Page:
The innate defense system of the female mucosal genital tract involves a close and complex interaction among the healthy vaginal microbiota, different cells, and various proteins that protect the host from pathogens. Vaginal lactobacilli and lactoferrin represent two essential actors in the vaginal environment. Lactobacilli represent the dominant bacterial species able to prevent facultative and obligate anaerobes outnumber in vaginal microbiota maintaining healthy microbial homeostasis. Several mechanisms underlie the protection exerted by lactobacilli: competition for nutrients and tissue adherence, reduction of the vaginal pH, modulation of immunity, and production of bioactive compounds...
2018: Frontiers in Immunology
Zhaodong Li, Ludovica F Buttó, Kristine-Anne Buela, Li-Guo Jia, Minh Lam, John D Ward, Theresa T Pizarro, Fabio Cominelli
Death receptor 3 (DR3), a member of the tumor necrosis factor receptor (TNFR) superfamily, has been implicated in regulating T-helper type-1 (TH 1), type-2 (TH 2), and type-17 (TH 17) responses as well as regulatory T cell (Treg ) and innate lymphoid cell (ILC) functions during immune-mediated diseases. However, the role of DR3 in controlling lymphocyte functions in inflammatory bowel disease (IBD) is not fully understood. Recent studies have shown that activation of DR3 signaling modulates Treg expansion suggesting that stimulation of DR3 represents a potential therapeutic target in human inflammatory diseases, including Crohn's disease (CD)...
2018: Frontiers in Immunology
Delphine Lumbroso, Soaad Soboh, Avi Maimon, Sagie Schif-Zuck, Amiram Ariel, Tal Burstyn-Cohen
The complete resolution of inflammation requires the uptake of apoptotic polymorphonuclear cells (PMN) by local macrophages (efferocytosis) and the consequent reprogramming of the engulfing phagocytes to reparative and pro-resolving phenotypes. The tyrosine kinase receptors TYRO3, AXL, and MERTK (collectively named TAM) are fundamental mediators in regulating inflammatory responses and efferocytosis. Protein S (PROS1) is a ligand for all TAM receptors that mediates various aspects of their activity. However, the involvement of PROS1 in the resolution of inflammation is incompletely understood...
2018: Frontiers in Immunology
JooYeon Jhun, Seung Hoon Lee, Soon Kyu Lee, Hee Yeon Kim, Eun Sun Jung, Dong Goo Kim, JeongWon Choi, Si Hyun Bae, Seung Kew Yoon, Byung Ha Chung, Chul Woo Yang, Mi-La Cho, Jong Young Choi
Recipients of liver transplantation (LT) require long-term immunosuppressive drug treatment, but lifelong immunosuppressive treatment has severe side effects. It is known that some LT recipients develop immune tolerance, and although the development of such operational tolerance should allow a decrease in the burden of immunosuppressive drug treatment, the factors that indicate operational tolerance are not clear. This study aimed to monitor immunological markers over time in LT recipients to identify those markers indicating the development of operational tolerance...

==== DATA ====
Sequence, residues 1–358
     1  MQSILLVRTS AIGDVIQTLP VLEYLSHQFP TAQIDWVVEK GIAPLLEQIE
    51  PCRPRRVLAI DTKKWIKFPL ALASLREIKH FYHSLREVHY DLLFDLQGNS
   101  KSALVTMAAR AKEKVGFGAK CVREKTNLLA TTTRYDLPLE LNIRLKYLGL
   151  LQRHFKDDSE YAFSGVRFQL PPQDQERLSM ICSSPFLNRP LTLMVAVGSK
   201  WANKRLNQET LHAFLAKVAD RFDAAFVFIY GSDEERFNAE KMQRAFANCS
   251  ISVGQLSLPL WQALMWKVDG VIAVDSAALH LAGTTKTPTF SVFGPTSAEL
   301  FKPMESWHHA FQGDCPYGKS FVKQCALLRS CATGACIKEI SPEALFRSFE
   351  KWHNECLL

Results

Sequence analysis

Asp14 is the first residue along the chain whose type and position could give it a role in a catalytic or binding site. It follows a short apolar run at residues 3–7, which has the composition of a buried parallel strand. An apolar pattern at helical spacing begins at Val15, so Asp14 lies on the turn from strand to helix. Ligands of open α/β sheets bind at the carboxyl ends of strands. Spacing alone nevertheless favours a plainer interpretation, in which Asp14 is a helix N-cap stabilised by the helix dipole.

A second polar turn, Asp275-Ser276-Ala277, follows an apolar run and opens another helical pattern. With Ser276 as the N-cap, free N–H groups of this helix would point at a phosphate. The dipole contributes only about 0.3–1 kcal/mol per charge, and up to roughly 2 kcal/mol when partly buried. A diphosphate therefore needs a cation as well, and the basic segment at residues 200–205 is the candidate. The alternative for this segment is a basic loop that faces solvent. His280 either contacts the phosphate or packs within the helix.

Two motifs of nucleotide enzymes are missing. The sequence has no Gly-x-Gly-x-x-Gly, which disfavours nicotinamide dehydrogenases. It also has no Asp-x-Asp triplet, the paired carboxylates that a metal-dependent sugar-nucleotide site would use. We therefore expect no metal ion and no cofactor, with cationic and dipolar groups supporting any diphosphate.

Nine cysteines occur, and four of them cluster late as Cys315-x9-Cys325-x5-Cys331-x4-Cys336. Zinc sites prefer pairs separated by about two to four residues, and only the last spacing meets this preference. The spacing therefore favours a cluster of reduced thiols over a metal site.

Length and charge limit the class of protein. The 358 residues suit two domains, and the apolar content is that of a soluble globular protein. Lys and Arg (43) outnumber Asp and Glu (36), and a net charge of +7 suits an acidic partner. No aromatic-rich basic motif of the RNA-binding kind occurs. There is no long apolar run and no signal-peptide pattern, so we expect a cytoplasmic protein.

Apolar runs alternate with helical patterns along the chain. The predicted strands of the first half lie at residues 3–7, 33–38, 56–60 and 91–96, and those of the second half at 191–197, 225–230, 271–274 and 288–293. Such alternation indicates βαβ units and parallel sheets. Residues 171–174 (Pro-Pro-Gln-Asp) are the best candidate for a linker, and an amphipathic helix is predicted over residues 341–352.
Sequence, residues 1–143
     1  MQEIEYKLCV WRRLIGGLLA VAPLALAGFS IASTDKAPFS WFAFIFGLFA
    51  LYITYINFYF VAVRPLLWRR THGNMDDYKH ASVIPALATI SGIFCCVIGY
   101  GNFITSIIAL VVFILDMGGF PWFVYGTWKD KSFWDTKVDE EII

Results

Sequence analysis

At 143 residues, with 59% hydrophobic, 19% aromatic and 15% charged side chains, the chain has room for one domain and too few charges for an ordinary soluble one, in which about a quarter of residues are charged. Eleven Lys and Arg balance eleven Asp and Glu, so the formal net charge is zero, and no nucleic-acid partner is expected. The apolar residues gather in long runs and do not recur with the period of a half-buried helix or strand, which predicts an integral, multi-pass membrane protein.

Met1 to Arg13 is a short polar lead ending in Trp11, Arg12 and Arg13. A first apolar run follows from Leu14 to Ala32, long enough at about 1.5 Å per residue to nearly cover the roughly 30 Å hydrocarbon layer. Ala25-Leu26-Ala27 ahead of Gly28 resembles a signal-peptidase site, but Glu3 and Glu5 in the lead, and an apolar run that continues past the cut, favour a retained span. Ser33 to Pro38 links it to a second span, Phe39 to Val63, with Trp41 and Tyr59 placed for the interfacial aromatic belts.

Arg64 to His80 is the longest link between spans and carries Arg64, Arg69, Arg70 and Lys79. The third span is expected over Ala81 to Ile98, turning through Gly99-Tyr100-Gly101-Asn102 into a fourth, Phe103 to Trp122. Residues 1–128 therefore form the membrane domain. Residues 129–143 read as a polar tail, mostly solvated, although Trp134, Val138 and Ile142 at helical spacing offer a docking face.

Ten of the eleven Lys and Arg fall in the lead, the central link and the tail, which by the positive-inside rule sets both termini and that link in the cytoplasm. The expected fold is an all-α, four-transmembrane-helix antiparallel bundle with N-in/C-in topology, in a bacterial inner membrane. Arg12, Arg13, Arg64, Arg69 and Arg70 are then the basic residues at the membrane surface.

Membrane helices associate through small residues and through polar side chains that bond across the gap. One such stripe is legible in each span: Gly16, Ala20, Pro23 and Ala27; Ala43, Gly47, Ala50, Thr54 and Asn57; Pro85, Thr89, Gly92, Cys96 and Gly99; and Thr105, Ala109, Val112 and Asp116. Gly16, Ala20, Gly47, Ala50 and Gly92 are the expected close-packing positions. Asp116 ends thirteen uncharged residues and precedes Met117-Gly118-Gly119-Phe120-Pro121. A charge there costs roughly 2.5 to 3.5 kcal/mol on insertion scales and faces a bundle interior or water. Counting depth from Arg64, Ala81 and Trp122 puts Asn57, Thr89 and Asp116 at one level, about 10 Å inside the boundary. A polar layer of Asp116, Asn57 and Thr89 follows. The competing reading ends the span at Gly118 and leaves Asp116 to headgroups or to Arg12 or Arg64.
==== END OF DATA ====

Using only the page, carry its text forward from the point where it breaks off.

2018: Frontiers in Immunology
Marco A Moro-García, Juan C Mayo, Rosa M Sainz, Rebeca Alonso-Arias
T lymphocytes, from their first encounter with their specific antigen as naïve cell until the last stages of their differentiation, in a replicative state of senescence, go through a series of phases. In several of these stages, T lymphocytes are subjected to exponential growth in successive encounters with the same antigen. This entire process occurs throughout the life of a human individual and, earlier, in patients with chronic infections/pathologies through inflammatory mediators, first acutely and later in a chronic form...
2018: Frontiers in Immunology
Lorenza Tulli, Francesca Cattaneo, Juliette Vinot, Cosima T Baldari, Ugo D'Oro
Toll-like receptors (TLRs) play a key role in the activation of innate immune cells, in which their engagement leads to production of cytokines and co-stimulatory molecules. TLRs signaling requires recruitment of toll/IL-1R (TIR) domain-containing adaptors, such as MyD88 and/or TRIF, and leads to activation of several transcription factors, such as NF-κB, the AP1 complex, and various members of the interferon regulatory factor (IRF) family, which in turn results in triggering of several cellular functions associated with these receptors...
2018: Frontiers in Immunology
Seung Yub Han, Alesia Antoine, David Howard, Bryant Chang, Woo Sung Chang, Matthew Slein, Gintaras Deikus, Sofia Kossida, Patrice Duroux, Marie-Paule Lefranc, Robert P Sebra, Melissa L Smith, Ismael Ben F Fofana
The simian immunodeficiency virus (SIV)/macaque model of human immunodeficiency virus (HIV)/acquired immunodeficiency syndrome pathogenesis is critical for furthering our understanding of the role of antibody responses in the prevention of HIV infection, and will only increase in importance as macaque immunoglobulin (IG) gene databases are expanded. We have previously reported the construction of a phage display library from a SIV-infected rhesus macaque ( Macaca mulatta ) using oligonucleotide primers based on human IG gene sequences...
2018: Frontiers in Immunology